Updated: Nov 22, 2020
I've lived in the Yellowstone region my entire life and only now decided to look up this fun fact! 😂 So, how did Yellowstone get its name?
The river has actually been known by a version of Yellowstone since before white people ever arrived in the region. In the early 1800s, prior to the Louisiana Purchase, white fur traders traveled this far west to run their traplines. It shouldn't surprise you to know that many of these trappers were French.
Some of these French-Canadian trappers asked the Minnetaree, who lived in what we call eastern Montana, what they called the river. The Minnetaree called it "Mi tse a-da-zi" or literally translated, Rock Yellow River. Now my Grandparents say that this was for the sulfur which is so common in Yellowstone along the different vents. The internet tells me that it may actually have been for the yellowish color of the rocks in the Grand Canyon of the Yellowstone.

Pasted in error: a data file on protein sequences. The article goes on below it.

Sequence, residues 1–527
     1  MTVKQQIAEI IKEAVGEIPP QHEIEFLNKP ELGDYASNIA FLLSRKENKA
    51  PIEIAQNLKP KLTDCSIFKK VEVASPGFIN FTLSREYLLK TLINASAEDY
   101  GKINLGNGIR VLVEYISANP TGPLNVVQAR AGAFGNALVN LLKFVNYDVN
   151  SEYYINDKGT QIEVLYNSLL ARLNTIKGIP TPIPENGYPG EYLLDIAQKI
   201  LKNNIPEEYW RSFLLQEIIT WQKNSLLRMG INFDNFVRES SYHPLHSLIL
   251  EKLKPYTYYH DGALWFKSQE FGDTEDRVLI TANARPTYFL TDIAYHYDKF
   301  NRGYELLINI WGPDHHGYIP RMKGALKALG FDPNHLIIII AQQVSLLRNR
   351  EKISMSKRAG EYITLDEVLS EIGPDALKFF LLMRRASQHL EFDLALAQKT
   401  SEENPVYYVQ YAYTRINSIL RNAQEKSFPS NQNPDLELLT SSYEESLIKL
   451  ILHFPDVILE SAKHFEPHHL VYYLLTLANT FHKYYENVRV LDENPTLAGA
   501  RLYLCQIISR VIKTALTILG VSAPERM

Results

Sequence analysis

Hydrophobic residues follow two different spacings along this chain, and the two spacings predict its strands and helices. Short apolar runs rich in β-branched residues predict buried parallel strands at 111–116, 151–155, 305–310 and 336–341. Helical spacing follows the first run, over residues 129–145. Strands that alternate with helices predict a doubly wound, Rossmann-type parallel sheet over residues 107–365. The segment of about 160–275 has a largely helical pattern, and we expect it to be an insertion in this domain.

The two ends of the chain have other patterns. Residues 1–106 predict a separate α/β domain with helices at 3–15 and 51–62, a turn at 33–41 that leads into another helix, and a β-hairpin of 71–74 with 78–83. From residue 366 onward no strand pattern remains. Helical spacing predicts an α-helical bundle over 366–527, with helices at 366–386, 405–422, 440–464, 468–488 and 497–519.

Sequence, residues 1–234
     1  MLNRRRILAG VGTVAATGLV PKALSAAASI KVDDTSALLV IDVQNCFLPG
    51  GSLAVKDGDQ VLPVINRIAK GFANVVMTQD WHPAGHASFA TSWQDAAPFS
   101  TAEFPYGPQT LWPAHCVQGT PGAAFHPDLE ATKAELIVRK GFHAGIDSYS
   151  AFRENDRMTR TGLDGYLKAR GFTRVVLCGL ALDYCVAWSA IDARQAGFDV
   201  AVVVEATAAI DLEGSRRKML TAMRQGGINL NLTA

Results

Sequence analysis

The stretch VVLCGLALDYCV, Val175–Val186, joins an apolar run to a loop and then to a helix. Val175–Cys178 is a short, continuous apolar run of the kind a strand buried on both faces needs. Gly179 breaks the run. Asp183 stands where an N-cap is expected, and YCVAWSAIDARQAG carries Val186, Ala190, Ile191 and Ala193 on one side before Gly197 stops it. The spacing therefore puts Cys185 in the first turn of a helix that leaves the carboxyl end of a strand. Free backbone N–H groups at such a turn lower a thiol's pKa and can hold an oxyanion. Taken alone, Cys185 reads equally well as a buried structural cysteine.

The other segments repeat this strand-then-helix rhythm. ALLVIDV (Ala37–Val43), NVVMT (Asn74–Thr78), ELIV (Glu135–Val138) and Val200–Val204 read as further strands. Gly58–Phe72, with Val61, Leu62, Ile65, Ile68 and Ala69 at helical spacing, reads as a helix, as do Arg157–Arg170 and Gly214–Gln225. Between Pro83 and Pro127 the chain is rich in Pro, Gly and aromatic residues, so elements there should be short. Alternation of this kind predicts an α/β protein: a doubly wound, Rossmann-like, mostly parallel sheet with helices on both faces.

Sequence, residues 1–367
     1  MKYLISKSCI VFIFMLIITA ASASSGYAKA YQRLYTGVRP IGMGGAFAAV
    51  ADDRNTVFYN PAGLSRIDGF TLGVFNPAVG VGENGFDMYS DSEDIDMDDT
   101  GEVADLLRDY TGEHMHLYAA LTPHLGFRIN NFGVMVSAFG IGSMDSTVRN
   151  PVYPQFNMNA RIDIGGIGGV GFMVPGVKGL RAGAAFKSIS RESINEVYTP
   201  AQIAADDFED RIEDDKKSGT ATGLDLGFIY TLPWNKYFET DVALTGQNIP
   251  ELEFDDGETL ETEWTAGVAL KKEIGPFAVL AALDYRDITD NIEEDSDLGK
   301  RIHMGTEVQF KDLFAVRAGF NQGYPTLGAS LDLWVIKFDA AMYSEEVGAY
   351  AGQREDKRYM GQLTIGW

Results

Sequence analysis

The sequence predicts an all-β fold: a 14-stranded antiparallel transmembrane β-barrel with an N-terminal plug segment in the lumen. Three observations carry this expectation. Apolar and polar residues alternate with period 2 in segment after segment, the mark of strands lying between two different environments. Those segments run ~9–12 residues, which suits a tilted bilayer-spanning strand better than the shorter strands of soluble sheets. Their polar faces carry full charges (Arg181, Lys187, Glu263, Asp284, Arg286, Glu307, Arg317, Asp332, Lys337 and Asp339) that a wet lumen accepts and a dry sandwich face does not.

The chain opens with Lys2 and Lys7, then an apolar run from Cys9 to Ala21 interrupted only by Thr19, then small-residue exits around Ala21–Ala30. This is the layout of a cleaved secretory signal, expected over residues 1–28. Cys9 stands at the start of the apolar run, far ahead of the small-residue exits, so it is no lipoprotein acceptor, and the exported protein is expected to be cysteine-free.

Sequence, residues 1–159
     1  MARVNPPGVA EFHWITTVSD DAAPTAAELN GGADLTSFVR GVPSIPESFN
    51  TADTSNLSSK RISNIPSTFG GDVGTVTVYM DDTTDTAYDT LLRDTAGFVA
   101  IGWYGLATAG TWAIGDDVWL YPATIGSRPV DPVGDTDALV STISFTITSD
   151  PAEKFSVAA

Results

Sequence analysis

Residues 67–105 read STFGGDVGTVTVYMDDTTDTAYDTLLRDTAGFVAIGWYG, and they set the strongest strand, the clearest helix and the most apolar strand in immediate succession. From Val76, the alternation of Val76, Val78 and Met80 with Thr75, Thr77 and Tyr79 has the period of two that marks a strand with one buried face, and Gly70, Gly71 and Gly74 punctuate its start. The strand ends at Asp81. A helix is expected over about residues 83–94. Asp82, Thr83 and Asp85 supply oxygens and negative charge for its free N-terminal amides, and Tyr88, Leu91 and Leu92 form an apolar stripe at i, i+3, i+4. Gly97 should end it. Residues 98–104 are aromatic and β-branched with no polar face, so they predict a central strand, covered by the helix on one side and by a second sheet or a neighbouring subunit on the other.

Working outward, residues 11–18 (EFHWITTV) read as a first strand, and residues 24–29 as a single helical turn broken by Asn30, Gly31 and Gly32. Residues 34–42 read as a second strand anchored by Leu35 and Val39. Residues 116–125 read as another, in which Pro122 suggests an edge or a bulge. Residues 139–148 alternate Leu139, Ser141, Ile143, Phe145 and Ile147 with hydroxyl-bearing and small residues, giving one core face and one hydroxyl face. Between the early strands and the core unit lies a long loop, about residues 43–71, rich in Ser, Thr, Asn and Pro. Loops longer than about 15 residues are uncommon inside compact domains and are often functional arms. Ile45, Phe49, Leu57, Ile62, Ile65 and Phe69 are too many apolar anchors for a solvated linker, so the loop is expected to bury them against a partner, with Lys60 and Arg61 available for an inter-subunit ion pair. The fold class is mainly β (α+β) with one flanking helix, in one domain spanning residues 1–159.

Either way, the trappers went their way calling the river "Roche Jaune" or "Pierre Jaune" until the English came along and translated that to Yellowstone or Yellow Rock river. Lewis and Clark used both French and English variations of the river's name in their expedition journals.
As the years went by, Yellowstone just seemed to stick and pretty soon it wasn't just the river called by this colorful monicker but the wonderland of nature that it ran through.
Thank you, fellow adventurers! You can follow the lilmissbearpaw blog page on Facebook, Instagram, and Twitter @lilmissbearpaw for sneak peeks into upcoming posts and my adventures. This will also be a great place to share your own adventures!